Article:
When answering these questions, be objective, honest and without judgement.

Step 2: Be a witness to your life

Take small steps to push yourself toward the weight loss habits and behaviour changes you want to make and pay attention to what happens.

  • Notice what comes up for you as you feel successful.
  • When do the negative thoughts start
  •  When do you start to sabotage
  • What are you feeling at this moment
  • What do you really need right now

Step 3: Take Action

If you want to change then you need to address the underlying cause of why you self-sabotage.

Because it’s not just about weight loss anymore.

Your underlying wounds and trauma seep into your everyday life. Healing self-sabotage helps your overall health and well-being and will help you to achieve not only your weight loss changes but any other goals or dreams that you may have.

It will allow you to remove the obstacles that you place in front of yourself and help you to realise your full potential.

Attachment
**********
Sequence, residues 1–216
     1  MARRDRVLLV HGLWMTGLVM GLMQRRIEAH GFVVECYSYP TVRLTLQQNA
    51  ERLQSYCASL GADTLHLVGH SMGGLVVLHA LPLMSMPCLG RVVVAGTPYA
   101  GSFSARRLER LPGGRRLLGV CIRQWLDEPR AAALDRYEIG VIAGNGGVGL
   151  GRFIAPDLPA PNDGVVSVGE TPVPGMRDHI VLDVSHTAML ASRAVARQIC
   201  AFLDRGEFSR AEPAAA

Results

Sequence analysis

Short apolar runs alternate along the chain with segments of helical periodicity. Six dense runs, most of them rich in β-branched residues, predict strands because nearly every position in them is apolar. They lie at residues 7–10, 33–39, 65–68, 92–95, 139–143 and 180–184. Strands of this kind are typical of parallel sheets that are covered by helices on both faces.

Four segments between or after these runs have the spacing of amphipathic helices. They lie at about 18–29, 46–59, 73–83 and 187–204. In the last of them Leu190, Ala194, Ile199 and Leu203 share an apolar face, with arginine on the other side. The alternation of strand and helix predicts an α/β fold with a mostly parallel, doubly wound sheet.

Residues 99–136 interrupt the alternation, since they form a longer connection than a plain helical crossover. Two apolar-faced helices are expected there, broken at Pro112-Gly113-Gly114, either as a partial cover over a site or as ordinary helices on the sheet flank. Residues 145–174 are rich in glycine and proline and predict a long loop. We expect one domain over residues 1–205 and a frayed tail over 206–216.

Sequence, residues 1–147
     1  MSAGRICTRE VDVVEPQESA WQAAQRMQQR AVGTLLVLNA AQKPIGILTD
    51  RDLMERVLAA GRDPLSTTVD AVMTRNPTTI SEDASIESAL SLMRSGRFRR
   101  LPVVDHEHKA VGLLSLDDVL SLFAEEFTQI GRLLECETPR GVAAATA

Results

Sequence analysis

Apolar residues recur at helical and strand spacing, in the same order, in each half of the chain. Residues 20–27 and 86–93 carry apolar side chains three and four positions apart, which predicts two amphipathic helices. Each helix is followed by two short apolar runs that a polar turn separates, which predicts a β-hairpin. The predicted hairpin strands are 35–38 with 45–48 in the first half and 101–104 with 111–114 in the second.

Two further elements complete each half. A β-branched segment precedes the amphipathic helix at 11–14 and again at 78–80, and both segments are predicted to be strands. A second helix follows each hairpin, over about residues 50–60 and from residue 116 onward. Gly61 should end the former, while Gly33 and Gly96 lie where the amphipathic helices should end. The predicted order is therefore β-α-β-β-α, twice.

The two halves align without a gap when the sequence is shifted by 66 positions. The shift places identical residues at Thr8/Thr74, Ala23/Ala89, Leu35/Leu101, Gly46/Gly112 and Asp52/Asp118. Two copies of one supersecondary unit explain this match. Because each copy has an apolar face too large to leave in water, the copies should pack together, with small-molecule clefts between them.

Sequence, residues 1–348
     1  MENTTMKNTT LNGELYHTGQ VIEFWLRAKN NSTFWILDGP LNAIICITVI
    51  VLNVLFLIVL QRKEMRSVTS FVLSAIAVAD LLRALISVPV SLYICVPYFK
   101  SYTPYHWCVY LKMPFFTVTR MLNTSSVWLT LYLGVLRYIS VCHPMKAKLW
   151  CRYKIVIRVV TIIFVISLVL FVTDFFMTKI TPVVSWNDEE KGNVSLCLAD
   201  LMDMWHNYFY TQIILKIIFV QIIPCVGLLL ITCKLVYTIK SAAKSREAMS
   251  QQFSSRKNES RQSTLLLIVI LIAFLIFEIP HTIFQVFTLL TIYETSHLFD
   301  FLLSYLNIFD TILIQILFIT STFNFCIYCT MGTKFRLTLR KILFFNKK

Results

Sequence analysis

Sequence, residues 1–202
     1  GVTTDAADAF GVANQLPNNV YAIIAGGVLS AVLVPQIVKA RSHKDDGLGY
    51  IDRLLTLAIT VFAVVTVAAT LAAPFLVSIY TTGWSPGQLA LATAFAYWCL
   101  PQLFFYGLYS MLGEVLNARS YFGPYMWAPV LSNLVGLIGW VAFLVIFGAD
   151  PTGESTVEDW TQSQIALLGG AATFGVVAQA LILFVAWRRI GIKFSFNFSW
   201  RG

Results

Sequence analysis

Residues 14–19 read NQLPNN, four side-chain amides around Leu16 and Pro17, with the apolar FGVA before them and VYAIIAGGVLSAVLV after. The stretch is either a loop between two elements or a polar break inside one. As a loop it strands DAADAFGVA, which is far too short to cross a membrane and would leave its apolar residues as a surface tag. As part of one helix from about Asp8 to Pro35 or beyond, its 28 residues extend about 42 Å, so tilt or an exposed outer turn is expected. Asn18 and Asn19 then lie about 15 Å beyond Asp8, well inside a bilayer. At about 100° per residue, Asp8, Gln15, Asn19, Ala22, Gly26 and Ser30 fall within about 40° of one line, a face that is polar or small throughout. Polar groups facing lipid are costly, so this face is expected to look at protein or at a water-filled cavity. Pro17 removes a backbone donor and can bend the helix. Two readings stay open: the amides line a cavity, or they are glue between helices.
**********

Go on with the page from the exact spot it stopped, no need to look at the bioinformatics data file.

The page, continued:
This can be the hardest part, as it will involve confronting deep, difficult thoughts and feelings.

Now, this may sound scary, but I promise you, the freedom that comes with change is more than worth it.

NUTRITION

 

WEIGHT LOSS HYPNOTHERAPY

Jodi Clarke

Jodi Clarke

CEO & Founder | Clinical Hypnotherapist | Weight Loss Specialist

Leading the charge is Jodi Clarke, the CEO and Founder of Awaecnan, a Certified Clinical Hypnotherapist specialising in weight loss hypnotherapy in South East Melbourne and the peninsula. Having studied at The Academy of Hypnotic Science, an Australian government-accredited Clinical Hypnotherapy training academy, Jodi’s hypnotherapy skills are both effective and award-winning as she supports clients to achieve positive changes in their everyday lives.

To find out more Connect with Jodi on Facebook or Instagram